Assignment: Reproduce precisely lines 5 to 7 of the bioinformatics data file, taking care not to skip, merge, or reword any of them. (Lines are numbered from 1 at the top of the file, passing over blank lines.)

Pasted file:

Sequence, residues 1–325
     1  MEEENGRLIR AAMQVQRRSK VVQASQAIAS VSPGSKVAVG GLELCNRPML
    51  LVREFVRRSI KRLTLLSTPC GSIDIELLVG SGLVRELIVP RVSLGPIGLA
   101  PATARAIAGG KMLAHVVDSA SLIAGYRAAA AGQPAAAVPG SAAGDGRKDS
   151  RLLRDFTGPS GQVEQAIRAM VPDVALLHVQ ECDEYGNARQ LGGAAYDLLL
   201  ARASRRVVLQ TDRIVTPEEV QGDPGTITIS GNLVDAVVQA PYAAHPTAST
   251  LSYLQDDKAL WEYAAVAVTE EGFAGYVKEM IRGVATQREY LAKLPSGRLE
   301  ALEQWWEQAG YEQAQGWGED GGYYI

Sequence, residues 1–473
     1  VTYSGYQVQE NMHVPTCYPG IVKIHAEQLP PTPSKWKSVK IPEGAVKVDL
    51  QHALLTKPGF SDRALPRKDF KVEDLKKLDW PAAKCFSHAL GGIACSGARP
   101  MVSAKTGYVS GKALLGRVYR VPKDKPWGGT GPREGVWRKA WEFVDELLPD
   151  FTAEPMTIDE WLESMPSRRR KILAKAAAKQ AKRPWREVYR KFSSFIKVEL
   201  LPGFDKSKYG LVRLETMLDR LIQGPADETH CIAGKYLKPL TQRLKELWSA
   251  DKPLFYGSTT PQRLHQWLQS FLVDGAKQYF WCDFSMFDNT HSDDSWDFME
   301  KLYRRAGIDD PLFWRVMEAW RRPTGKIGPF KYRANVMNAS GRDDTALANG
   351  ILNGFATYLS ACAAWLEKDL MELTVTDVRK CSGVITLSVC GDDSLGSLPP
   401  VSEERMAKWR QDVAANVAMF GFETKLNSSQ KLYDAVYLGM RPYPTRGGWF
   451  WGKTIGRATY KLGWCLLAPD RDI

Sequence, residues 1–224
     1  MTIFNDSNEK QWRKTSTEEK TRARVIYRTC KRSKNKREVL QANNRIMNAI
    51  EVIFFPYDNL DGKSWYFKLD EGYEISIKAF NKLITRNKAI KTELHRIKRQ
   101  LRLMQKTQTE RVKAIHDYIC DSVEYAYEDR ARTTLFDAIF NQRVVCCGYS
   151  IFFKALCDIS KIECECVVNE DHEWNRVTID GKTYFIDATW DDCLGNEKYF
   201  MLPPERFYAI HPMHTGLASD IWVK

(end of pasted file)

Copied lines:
   151  RLLRDFTGPS GQVEQAIRAM VPDVALLHVQ ECDEYGNARQ LGGAAYDLLL
   201  ARASRRVVLQ TDRIVTPEEV QGDPGTITIS GNLVDAVVQA PYAAHPTAST
   251  LSYLQDDKAL WEYAAVAVTE EGFAGYVKEM IRGVATQREY LAKLPSGRLE